- Jidoka — The jidoka pillar is probably the most original part of TPS and the hardest to understand because it blends a certain understanding of quality with a vision of the relationship between human work and machine work. To take one aspect of it, the homework exercises are about built-in-quality. No step in the process should accept bad parts, make bad parts or pass on bad parts to the next step. The basic exercise is to stop whenever any defect has been identified (by either the operator or the machine) and investigate until the cause of the defect is found and eradicated. This will lead you first to eliminate human errors, due to not following standardized work, then to work with manufacturing engineering to eliminate causes of defects in the way machines are designed and finally to improve product design so that less defects can occur, at which level one can accurately speak of “build in quality.” There are a number of technical tricks to do so, from andon to poka- yoke, but the main idea is to practice the activity of “stop and investigate at every defect” in order to learn about what causes defects.
- Just-in-time — The favorite pillar to most industrial companies, JIT is about learning to deliver exactly what has been ordered exactly when it has been ordered and in exactly the right quantity. The emphasis is on “exactly”; no less, no more. Now, this turns out to be quite a challenge, because production systems are usually conceived to be kept running (for labor cost and equipment payback considerations) regardless of technical issues or part shortages. Forcing oneself NOT to produce more than immediate demand BUT not to accept to produce late is very demanding and mechanically involves reducing batch sizes and stabilizing processes. THERE IS NO JUST-IN-TIME PROCESS in the abstract. Or, more to the point, every process has its level of just-in-time: month? week? day? hour? You start with what you’ve got, level the plan, reduce the batch size and fight each production loss until you increase your level of just-in-time.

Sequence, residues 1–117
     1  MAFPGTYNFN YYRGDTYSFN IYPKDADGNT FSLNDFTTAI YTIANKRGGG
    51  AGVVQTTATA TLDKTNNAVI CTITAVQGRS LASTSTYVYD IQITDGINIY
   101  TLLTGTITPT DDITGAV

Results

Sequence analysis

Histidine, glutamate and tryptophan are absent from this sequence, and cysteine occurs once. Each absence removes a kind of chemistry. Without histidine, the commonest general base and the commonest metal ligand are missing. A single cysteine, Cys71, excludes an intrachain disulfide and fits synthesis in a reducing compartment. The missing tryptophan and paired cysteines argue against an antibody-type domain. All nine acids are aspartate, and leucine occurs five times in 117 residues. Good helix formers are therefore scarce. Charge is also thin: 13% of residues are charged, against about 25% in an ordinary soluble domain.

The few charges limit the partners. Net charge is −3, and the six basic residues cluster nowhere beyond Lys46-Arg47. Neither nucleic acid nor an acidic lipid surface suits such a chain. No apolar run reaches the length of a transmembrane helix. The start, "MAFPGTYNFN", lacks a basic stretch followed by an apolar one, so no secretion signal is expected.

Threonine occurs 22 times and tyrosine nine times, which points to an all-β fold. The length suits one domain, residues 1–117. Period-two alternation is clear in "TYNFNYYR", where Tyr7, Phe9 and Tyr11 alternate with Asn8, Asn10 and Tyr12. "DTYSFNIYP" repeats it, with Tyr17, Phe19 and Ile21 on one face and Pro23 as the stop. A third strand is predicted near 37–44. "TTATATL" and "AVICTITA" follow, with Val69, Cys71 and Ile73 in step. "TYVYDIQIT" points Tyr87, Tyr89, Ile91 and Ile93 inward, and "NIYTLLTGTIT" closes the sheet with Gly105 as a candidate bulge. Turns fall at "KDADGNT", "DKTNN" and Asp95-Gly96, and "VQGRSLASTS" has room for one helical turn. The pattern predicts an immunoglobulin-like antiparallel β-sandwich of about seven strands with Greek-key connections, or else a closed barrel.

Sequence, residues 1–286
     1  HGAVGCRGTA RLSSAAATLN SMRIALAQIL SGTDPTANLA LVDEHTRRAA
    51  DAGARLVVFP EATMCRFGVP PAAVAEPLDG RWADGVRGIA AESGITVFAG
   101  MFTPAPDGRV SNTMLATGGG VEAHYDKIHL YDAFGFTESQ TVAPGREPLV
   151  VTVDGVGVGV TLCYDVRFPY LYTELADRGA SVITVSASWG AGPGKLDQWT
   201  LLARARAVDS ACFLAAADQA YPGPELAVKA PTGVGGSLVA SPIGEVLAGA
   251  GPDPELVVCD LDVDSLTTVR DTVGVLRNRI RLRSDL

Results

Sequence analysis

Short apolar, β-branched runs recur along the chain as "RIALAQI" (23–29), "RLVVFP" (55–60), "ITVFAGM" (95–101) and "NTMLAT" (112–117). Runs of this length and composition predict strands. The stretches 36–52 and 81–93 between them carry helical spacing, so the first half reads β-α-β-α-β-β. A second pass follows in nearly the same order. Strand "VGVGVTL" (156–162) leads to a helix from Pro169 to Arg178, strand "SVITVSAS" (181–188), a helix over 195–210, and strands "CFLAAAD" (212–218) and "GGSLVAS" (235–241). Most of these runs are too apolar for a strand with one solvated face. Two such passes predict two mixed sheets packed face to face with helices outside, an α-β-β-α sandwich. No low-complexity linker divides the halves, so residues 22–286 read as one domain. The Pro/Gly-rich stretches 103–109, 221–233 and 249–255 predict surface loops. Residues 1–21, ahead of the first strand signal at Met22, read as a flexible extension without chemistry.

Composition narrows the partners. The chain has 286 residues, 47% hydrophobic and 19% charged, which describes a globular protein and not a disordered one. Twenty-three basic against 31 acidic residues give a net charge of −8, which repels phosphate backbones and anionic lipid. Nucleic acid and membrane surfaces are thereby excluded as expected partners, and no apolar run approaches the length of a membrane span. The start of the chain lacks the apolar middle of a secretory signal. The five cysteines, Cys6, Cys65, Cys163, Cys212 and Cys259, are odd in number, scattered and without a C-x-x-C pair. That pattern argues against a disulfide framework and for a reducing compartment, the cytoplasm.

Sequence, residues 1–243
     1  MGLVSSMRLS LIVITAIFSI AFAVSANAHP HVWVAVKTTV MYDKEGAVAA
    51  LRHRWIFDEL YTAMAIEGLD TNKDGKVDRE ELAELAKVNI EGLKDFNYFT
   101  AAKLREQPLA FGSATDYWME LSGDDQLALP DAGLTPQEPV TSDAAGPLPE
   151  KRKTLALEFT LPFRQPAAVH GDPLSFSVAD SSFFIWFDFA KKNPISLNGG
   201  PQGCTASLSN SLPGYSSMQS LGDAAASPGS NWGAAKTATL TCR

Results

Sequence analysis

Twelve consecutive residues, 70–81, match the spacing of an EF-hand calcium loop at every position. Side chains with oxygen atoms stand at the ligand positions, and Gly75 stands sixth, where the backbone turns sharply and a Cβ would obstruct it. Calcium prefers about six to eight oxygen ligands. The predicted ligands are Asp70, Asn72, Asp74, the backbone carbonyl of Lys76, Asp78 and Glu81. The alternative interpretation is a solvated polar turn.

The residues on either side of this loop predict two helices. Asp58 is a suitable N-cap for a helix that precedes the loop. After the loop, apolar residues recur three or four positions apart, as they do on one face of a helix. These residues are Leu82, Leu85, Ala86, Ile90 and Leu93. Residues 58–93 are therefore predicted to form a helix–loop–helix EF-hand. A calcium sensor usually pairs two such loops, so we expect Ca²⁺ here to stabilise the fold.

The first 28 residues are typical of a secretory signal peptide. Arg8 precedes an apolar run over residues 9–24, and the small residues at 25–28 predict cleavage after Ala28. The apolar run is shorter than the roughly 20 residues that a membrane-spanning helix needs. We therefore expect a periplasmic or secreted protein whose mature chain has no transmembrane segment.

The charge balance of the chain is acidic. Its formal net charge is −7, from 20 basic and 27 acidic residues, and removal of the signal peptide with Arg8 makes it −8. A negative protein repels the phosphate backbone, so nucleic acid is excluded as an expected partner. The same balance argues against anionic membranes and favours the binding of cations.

- Standardized work and kaizen — Involving operators in designing or redesigning their own work stations has been a Toyota obsession from very early on. Indeed, in the first published paper about TPS, the authors highlighted two major distinctive features of the production system: just-in-time production and respect for humans, meaning that workers are allowed to display in full their capabilities through active participation in running and improving their own workshops. The underlying mechanism to do this is to practice standardized work and kaizen relentlessly.
There is not ONE version of the Toyota house, but several according to when and by whom it is drawn. Some place heijunka along with standardized work and kaizen on the base. Others insist that there should be a further basic step of “stability.” The French plant came up with 5S, TPM, and problem solving as a base below standardization and kaizen. Since Fujio Cho formulated the Toyota Way 2001, 10 years ago, some houses now have kaizen and respect as their basic pillars, and so on. I’ve just seen one with “finding waste and problems” at the top and “visual control and flexibility” as the base. All equally correct.
The point is that the Toyota Production System house is Toyota’s – not your company’s, and appropriating it through making your own is likely to 1) not make much sense culturally and 2) induce misunderstandings you’ll later rue. Use the TPS house as a way to explain what lean is about and how Toyota does it, by all means – we certainly all refer to it frequently, but don’t try to design your own – that’s missing the point.